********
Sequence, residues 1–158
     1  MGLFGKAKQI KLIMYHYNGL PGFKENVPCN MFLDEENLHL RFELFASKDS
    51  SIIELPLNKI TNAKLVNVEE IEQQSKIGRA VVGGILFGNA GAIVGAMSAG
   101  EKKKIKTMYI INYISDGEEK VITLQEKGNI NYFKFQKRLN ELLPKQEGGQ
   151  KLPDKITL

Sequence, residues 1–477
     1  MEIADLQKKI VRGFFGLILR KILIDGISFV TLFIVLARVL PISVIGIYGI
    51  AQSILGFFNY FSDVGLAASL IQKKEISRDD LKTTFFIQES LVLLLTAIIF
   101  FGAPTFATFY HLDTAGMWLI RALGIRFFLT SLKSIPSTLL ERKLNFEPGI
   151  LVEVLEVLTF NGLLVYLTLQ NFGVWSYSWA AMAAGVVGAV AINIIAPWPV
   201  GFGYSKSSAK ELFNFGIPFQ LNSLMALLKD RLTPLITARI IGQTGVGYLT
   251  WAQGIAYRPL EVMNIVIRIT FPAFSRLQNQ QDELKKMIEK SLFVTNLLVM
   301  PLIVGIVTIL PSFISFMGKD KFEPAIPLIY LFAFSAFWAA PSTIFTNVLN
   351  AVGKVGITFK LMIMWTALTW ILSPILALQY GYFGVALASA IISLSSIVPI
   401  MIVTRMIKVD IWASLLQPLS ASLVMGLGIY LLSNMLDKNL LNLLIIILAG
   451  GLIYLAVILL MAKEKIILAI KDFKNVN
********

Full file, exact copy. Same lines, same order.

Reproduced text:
Sequence, residues 1–158
     1  MGLFGKAKQI KLIMYHYNGL PGFKENVPCN MFLDEENLHL RFELFASKDS
    51  SIIELPLNKI TNAKLVNVEE IEQQSKIGRA VVGGILFGNA GAIVGAMSAG
   101  EKKKIKTMYI INYISDGEEK VITLQEKGNI NYFKFQKRLN ELLPKQEGGQ
   151  KLPDKITL

Sequence, residues 1–477
     1  MEIADLQKKI VRGFFGLILR KILIDGISFV TLFIVLARVL PISVIGIYGI
    51  AQSILGFFNY FSDVGLAASL IQKKEISRDD LKTTFFIQES LVLLLTAIIF
   101  FGAPTFATFY HLDTAGMWLI RALGIRFFLT SLKSIPSTLL ERKLNFEPGI
   151  LVEVLEVLTF NGLLVYLTLQ NFGVWSYSWA AMAAGVVGAV AINIIAPWPV
   201  GFGYSKSSAK ELFNFGIPFQ LNSLMALLKD RLTPLITARI IGQTGVGYLT
   251  WAQGIAYRPL EVMNIVIRIT FPAFSRLQNQ QDELKKMIEK SLFVTNLLVM
   301  PLIVGIVTIL PSFISFMGKD KFEPAIPLIY LFAFSAFWAA PSTIFTNVLN
   351  AVGKVGITFK LMIMWTALTW ILSPILALQY GYFGVALASA IISLSSIVPI
   401  MIVTRMIKVD IWASLLQPLS ASLVMGLGIY LLSNMLDKNL LNLLIIILAG
   451  GLIYLAVILL MAKEKIILAI KDFKNVN